Mishpatim – Han Solo shot first and what the Torah says about it. — By Ben

darth kotel

But how does he wrap Tefillin?

George Lucas has rereleased the original Star Wars trilogy several times over the years. And in 1997 he started to make changes, most infamous of which is known as Greedo Shoots First.

You see in all versions of the film, Han Solo is at the famous Cantina bar in Mos Eisley, when he is confronted (at gun point) by the bounty hunter Greedo. As Han tries to talk his way out of his abduction, he slowly reaches for his gun. In the original cut, Han, with the quick draw, pulls out his gun, fires, leaves Greedo dead, and casually walks out of the Cantina. However, George Lucas digitally changed the film in 1997 so now Greedo fires his blaster at Han Solo first, misses, and Han shoots subsequently. Watch below if you want to see for yourself.

Now I know it looks like they shot at the same time in the second version. That’s from the 2004 version where Lucas changed it even more. Needless to say, the change has sparked hot debate among Star Wars fans everywhere. “Han was so much cooler in the original.” “No! That makes Han a cold blooded killer.” “Lucas is just trying to make Star Wars more kid-friendly” and so on. And we can debate about what makes good film all day long, but we’re here to learn…

 Which version of the movie would the Torah say is right?

So this week’s parsha, deviates from the narrative of the Jewish people and starts listing several laws (halacha) concerning monetary compensation. Among said halacha is the following:

If a thief is found [caught] while breaking in, and is struck and killed, there is no liability for his blood. If the sun shone on him, there is liability for his blood. Shemos 22:1-2

So if a thief breaks into your house, you have the right to kill him (unless the sun is shining on him? We’ll get to that later.) This is where we get the concept of self defense. Rashi derives from this passage the Torah is teaching that if you know someone is coming to kill you, you should get up early and kill him first! Now I’m sure you’re thinking….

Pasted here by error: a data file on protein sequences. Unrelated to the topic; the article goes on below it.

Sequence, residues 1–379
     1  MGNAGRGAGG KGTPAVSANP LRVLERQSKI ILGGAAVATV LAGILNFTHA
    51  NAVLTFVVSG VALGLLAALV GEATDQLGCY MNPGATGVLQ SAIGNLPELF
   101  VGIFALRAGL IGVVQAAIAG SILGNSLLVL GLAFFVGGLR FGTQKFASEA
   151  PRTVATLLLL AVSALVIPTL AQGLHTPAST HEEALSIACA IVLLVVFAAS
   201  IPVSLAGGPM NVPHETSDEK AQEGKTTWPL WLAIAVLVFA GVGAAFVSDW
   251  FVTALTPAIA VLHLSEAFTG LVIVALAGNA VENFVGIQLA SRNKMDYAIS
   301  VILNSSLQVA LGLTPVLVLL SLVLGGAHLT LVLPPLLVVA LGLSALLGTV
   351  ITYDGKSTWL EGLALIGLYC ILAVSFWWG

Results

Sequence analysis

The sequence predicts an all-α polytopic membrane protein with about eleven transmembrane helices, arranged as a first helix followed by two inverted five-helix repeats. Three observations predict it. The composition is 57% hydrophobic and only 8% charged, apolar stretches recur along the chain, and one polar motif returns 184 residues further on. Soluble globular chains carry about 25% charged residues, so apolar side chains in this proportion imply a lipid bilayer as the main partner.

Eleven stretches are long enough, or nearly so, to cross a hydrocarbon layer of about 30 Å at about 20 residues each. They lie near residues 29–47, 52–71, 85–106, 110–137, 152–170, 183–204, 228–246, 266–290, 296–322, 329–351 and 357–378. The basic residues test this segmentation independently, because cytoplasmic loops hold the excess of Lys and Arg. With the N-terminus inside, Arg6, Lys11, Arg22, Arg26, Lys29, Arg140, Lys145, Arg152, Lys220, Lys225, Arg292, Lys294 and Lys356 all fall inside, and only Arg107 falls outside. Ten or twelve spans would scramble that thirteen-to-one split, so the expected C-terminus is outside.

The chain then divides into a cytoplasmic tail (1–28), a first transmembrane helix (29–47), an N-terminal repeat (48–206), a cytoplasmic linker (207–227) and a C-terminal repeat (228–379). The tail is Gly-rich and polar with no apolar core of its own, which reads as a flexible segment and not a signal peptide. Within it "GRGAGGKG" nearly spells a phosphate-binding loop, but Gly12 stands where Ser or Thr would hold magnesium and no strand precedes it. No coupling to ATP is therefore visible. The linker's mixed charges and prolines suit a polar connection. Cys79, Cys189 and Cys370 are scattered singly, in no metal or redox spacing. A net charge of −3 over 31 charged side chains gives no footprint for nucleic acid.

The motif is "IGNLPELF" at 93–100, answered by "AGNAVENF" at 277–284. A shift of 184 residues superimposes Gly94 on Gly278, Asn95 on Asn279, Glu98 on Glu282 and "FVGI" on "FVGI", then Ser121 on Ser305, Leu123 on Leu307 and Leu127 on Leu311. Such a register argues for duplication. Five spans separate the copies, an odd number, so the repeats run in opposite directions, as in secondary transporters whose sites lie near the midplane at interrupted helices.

But Ben, the guy is breaking into your house, there’s no evidence he had an intent to kill you. Killing him would be a disproportionate response!

Now we go back to that second line, If the sun shone on him there is liability for his blood. Are we going by vampire rules here? What’s with the sun shinning? Rashi says that this is nothing more than an analogy and we’re talking about clarity vs doubt. If it is 100% clear that the intruder has no intention of killing you, you do not have the right to kill him. But it’s almost impossible to know that (unless, say it’s your father robbing you.)

By breaking into your house, the intruder has made the decision to put himself into a situation where if he gets caught, he’s going to fight like hell to get out of said situation. When you spot him, there’s a reasonable chance “fight like hell” could lead to him killing you. Because of that possibility one has to prepare for the worst case scenario (as if he will kill you). Hence you have the right to defend yourself even if the intruder hasn’t explicitly threatened you.

Back to the important matter, Star Wars.


So did Greedo put himself into that classification of decision that the intruder breaking into the house is in? Well, as you can clearly see from the video above, Greedo’s gun is out and pointed squarely at Han’s chest. Now Greedo is a bounty hunter. The gun is an extension of his job and he may be within his rights to pull said gun on a criminal (or someone owing money to whoever hired said bounty hunter). So Greedo’s not guilty yet. There might still be “liability for his blood.” That’s assuming that Greedo is working for legitimate law enforcement or that Han’s crime deserved the death penalty. But since we will come to know that is not the case, we could argue from this point Han is justified in killing Greedo.